Call Ed: Mind over matter


Merry Schlarman

Someone needs to change the narrative, and it starts with KSD. We are not asking, but begging KSD to listen.

 Julia Roberts, FACS teacher, walks into her first hour exhausted. She’s been up all night grading papers and is still falling behind. Then, she sees a classroom full of students who look equally drained. Although the school year must go on, many students and teachers have expressed they can’t keep pushing through much longer. As this burnout persists, students and staff are begging KSD to recognize their mental health struggles. TKC voted unanimously (68/68) that KSD needs to do more to support student and staff mental wellbeing. 

This year, KSD teachers get an additional two days off, along with the other sick days they have. One is for their personal wellbeing and the other is a day where teachers are encouraged to get their COVID-19 booster shot. If a teacher wishes to use their wellness day, they must request it two weeks in advance and the district has the power to deny their request. Many teachers, including Roberts, said it is hard to predict how they will feel in two weeks and worry that their class will not be able to learn properly without them.

We are not asking, but begging KSD to listen.

When teachers take a wellness day, the school will also have to find a substitute teacher. With a nationwide labor shortage, finding a substitute teacher seems nearly impossible. Jacqueline Ravenscraft, executive secretary, said the sub shortage has added stress and time to her job. Ravenscraft wants teachers to be able to take days off, but the scramble to find a substitute has caused walking counselors and other KSD teachers to cover classrooms during their scheduled plan time. Many KHS teachers said taking off days does not help their mental state. They said if they were at home trying to unwind, they’d probably be grading papers and worrying about the substitute teaching their class incorrectly. While teachers appreciate the effort, KSD needs to recognize the unnoticed burden that comes with teachers taking a wellness day.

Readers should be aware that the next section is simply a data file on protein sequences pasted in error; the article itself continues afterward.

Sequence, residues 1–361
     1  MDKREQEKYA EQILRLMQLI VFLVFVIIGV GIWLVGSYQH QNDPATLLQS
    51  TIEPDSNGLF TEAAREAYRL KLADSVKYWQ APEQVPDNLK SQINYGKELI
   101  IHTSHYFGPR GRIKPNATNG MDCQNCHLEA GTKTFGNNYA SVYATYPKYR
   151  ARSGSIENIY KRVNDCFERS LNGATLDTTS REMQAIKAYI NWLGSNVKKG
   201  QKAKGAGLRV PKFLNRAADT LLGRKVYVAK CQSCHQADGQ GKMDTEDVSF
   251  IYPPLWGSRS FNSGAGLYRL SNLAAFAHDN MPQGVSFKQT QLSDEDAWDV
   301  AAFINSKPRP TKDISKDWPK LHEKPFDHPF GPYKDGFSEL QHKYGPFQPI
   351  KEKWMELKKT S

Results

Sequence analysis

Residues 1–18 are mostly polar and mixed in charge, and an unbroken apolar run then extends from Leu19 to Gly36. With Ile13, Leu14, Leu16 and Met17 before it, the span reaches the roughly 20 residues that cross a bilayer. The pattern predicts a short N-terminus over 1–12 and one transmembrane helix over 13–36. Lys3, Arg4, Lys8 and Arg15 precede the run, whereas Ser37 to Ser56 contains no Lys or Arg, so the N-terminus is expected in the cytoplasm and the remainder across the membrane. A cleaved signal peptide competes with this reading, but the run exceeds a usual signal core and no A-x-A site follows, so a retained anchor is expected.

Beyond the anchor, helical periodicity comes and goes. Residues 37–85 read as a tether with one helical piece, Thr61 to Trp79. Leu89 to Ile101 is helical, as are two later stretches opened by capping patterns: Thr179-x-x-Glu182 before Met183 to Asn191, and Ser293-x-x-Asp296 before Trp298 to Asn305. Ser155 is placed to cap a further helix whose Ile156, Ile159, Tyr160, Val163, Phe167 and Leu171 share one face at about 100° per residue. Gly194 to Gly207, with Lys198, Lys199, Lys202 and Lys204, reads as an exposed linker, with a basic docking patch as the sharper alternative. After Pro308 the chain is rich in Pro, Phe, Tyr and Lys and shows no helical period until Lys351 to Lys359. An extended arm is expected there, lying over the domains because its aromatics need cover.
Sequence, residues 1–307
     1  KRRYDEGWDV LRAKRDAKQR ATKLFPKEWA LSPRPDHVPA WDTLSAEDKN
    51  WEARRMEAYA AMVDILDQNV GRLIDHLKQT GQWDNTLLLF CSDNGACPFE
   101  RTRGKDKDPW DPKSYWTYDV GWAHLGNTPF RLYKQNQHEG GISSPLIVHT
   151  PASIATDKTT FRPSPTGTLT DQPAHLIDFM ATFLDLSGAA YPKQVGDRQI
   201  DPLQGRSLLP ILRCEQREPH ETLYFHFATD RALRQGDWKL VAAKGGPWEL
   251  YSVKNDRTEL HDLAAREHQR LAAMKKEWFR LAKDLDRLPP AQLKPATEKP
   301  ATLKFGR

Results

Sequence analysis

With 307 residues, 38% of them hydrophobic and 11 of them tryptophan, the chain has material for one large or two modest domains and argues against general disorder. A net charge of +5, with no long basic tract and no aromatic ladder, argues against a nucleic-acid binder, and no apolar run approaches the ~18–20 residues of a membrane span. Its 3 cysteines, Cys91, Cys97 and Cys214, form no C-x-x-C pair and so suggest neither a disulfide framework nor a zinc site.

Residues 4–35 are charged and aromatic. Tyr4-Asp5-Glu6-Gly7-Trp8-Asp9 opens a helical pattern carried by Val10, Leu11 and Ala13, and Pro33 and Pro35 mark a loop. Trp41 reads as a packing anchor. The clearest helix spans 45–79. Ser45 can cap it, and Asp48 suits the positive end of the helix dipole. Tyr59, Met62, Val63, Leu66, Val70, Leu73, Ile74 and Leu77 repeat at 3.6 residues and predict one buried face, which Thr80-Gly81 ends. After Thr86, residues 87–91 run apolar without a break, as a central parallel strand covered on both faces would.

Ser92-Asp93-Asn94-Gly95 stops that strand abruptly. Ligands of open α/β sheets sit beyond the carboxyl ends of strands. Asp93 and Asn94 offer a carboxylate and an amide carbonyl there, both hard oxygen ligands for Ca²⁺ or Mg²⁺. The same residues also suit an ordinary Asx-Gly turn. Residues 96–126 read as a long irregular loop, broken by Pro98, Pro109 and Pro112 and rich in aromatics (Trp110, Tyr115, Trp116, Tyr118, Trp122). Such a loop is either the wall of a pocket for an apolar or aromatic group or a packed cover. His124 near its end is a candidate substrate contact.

Students deal with this issue as well. They are not given mental health days, but rather four “no homework/catch up weekends,” to focus on their wellbeing. High schoolers are supposed to be enjoying these relaxing weekends, when instead they are trying to work ahead for the vigorous week coming up. Because teachers aren’t allowed to assign homework on these weekends, the weeks leading up to “no homework weekends” tend to be more stressful and work-heavy for high schoolers. Along with students trying to get ahead, they are also trying to catch up on work from previous weeks. As assignments continue to pile up for students, “no homework weekends,” end up being just as overwhelming. Every student loves the idea of a “no homework weekend,” and it’s a step in the right direction, but in order to truly help students feel less overwhelmed, KSD needs to cut down on the volume of homework they allow teachers to give. Teachers argue that repeating content learned in class helps students comprehend the material. However, how beneficial is it to do 20 math problems as opposed to 10?

Should KSD be doing more for mental health?